6.3.2. Speaking of Gillian Lynne, her success came about as a result of her mother recognizing her intelligence at an early age. In my life, I've never had a teacher that 'tried to kill my creativity' or divert me from my hopes in dreams-more often than not, they were always willing to help. It was my parents who generally raised objections to my future goals.

6.4. High and Low Exceptionalities

6.4.1. Inclusion: "This modern perspective on special education advocates that all students with exceptionalities should be educated within regular classrooms to the greatest extent possible" (Edmunds & Edmunds, 2015, p. 202)

6.4.1.1. “students with exceptionalities who are included in regular classroom settings do not experience serious social difficulties beyond those that would be seen in any other setting” (Bennet, 2009, p. 3)

6.4.1.2. “Positive results have been found in terms of an increase in advocacy and more tolerant attitudes on the part of the regular students in inclusive settings” (p. 3)

6.4.1.3. In the debate on whether or not students with exceptionalities should be included in the classroom or segregated, I fall on the side of inclusion.

7. Week 7: Socio-Cultural Considerations

7.1. "openly encouraging and supporting student diversity is in keeping with the democratic roots that underpin all of the fundamental tenets of public education" (Edmunds & Edmunds, 2015, p. 245)

7.1.1. Chimamanda Ngozi Adichie

7.1.1.1. We've looked at this video in a number of courses, most prominently in the International Education stream. As teachers in Canada, we will undoubtedly work with a high percentage of culturally diverse learners. We always need to make sure that we get to know all of our students as best as possible, even those that cannot speak a word of English, in order to find out how to effectively teach them. At the same time, we need to make sure that the classroom is a safe place for our students to celebrate their cultures and differences.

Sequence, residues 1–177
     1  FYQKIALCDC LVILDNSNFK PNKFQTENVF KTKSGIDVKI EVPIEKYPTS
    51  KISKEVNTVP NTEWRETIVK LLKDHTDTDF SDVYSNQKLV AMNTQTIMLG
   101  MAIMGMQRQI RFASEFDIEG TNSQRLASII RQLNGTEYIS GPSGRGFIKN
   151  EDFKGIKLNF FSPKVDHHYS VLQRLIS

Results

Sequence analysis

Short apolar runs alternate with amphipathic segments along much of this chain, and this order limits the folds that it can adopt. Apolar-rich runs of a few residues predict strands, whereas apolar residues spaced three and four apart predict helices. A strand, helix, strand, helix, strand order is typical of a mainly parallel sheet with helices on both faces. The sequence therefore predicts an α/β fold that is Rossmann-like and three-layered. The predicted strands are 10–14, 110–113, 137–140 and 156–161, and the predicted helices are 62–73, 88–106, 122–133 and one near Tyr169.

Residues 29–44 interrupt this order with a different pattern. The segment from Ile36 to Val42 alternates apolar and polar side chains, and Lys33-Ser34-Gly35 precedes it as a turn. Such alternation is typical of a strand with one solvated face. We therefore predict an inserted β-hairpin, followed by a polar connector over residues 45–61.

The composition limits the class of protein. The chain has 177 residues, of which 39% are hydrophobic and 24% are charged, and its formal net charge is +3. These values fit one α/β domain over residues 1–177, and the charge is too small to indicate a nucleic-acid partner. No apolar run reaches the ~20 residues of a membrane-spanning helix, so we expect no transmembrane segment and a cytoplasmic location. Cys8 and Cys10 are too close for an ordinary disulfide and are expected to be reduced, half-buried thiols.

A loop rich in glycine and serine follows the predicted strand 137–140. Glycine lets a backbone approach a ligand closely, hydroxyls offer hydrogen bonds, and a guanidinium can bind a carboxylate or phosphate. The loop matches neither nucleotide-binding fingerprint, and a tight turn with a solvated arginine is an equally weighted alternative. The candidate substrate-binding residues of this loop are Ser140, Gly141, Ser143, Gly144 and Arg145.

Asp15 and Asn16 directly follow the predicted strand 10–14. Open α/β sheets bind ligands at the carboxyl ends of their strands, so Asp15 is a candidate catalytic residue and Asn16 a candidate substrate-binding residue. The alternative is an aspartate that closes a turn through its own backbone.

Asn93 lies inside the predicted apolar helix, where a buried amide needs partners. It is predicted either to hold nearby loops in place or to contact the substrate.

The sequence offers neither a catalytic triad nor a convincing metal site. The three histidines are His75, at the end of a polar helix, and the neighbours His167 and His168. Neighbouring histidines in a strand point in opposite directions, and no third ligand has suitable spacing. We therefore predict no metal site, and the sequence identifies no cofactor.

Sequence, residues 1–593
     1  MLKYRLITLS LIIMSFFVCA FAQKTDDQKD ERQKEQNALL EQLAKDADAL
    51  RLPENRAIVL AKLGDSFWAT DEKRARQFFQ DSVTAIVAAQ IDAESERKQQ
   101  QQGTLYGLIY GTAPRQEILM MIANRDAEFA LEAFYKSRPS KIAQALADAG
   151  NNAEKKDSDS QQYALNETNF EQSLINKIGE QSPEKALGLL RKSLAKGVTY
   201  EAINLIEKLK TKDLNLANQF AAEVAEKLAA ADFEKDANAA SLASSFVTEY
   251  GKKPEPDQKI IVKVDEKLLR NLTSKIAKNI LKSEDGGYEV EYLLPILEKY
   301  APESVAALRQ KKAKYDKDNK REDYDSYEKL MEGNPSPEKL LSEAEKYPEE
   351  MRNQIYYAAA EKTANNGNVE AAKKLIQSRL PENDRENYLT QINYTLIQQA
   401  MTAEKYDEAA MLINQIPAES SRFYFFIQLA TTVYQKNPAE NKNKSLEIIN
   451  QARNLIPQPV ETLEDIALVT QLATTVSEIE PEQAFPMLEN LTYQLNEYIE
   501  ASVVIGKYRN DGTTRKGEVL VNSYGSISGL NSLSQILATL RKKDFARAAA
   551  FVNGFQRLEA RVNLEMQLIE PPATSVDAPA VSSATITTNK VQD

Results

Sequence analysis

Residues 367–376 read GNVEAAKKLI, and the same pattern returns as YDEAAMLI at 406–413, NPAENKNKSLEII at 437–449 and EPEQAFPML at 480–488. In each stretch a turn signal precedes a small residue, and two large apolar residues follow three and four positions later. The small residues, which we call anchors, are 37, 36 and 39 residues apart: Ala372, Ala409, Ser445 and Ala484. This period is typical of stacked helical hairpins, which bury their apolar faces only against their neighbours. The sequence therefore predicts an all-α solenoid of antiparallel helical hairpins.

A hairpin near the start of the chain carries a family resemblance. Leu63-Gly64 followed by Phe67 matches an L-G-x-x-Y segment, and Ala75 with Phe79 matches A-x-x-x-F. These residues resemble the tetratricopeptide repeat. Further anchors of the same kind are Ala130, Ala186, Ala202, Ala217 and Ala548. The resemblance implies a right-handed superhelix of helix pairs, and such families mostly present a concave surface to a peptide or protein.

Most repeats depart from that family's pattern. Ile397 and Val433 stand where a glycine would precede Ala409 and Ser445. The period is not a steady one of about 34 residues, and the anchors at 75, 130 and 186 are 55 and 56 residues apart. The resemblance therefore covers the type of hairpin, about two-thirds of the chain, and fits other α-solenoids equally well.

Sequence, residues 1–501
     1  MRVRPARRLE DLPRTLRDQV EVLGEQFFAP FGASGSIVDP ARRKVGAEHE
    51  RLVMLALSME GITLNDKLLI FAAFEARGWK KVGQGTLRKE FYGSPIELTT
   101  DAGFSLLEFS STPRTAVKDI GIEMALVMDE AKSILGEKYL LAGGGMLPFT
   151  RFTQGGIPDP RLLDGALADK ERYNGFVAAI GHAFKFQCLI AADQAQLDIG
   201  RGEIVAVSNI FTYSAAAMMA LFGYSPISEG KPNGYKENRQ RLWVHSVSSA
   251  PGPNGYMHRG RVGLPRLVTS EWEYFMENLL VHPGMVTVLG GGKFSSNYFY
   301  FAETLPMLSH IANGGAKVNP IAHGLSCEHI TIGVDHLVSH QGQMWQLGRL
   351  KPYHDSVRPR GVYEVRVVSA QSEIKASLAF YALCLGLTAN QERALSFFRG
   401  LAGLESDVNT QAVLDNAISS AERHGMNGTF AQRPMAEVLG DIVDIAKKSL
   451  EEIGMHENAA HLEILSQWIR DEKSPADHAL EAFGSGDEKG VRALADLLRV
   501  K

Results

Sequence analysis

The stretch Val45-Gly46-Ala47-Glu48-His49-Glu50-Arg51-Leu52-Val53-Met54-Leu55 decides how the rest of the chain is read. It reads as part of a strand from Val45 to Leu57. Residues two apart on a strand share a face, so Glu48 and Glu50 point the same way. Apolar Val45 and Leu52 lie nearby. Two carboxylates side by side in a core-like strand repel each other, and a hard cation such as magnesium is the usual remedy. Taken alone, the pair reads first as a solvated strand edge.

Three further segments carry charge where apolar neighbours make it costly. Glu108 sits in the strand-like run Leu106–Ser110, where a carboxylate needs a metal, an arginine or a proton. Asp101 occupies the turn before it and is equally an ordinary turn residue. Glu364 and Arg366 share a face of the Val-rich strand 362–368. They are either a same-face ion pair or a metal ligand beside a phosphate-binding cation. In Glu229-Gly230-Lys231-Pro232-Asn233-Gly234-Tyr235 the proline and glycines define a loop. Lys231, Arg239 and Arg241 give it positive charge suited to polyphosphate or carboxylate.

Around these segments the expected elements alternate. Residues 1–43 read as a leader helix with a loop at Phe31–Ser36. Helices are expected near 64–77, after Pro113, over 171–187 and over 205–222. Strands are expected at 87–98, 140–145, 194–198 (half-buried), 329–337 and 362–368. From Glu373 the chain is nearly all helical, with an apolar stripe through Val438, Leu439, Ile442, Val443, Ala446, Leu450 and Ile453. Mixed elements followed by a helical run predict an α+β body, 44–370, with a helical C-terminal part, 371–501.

7.2. Culturally Responsive Practice: "The teacher should know the child's family and community and understand how particular influences from these contexts may, or may not, need to be considered" (Edmunds & Edmunds, 2015, p. 250)

7.2.1. Note: Depending on the size of the class, it may be really difficult for the teacher to familiarize him or herself with the students' cultures. The teacher, however, can have students present on their culture to educate both the teacher and their peers about their culture.

7.2.2. Of important note is that teachers need "to examine their own cultural assumptions to understand how these concepts shape starting points for practice" (Edmunds & Edmunds, 2015, p. 251)

7.3. Socio-Economic Status: "SES has by far the greatest impact on scholastic achievement" (Edmunds & Edmunds, 2015, p. 254)

7.3.1. Remember that education can be the great equalizer for students from lower SES. But we have to be effective teachers and develop Growth Mindsets: students who hear success stories are more likely to think, 'I can do it' rather than 'I can't do it'" (Edmunds & Edmunds, 2015, p. 256)

7.4. Baumrind's Classification on Parenting Style

7.4.1. Authoritarian Parenting: "attempts to shape, control, and measure children's behaviours against fairly rigid standards" (Emunds & Edmunds, 2015, p. 255)

7.4.1.1. Related to lower grades.

7.4.2. Permissive Parenting: "openly tolerant and accepting of nearly all children's actions" (Edmunds & Edmunds, 2015, p. 255)

7.4.3. Authoritative Parenting: "constant series of balancing acts: between expectation demands and encouragement to achieve, between establishing rules and meting out discipline, between fostering student independence and providing parental influence, and between open communication and direct advice" (Edmunds & Edmunds, 2015, p. 255)

8. Week 8: Standardized Achievement Tests

8.1. "a test that (a) contains the same questions for all test takers; (b) is administered to all individuals in the same fashion, under the same conditions, and within a specified time ; and (c) is always scored in a systematic and uniform manner" (Edmunds & Edmunds, 2015, p. 271)

8.1.1. Arguments For

8.1.1.1. Good way of comparing schools and students

8.1.1.2. Results are a good way to assess the effectiveness of the education system

8.1.1.3. Assesses accountability (on the part of the school/teacher)

8.1.1.4. Determines which schools are achieving curriculum goals

8.1.2. Arguments Against

8.1.2.1. Teachers start to 'teach to the test'

8.1.2.2. Test does not recognize students' cultural or linguistic differences

8.1.2.3. Leads to student disengagement

8.1.2.4. "The tests do not adequately assess 21st Century skills such as creativity, technological ability, problem solving,or critical thinking skills" (The Facts on Education)

8.1.2.5. Generally stresses out both students and teachers.

8.1.3. I stand on the against side. Looking over these last few weeks and putting the main ideas on here, I realize that standardized tests basically go against everything that we have learned thus far. MI, Differentiated Instruction, Multiple Assessments, getting to know our students, recognizing their differences and figuring out what teaching method will positively impact them the most,  these are some of the take-aways for me from this course. Standardized tests adhere to none of these.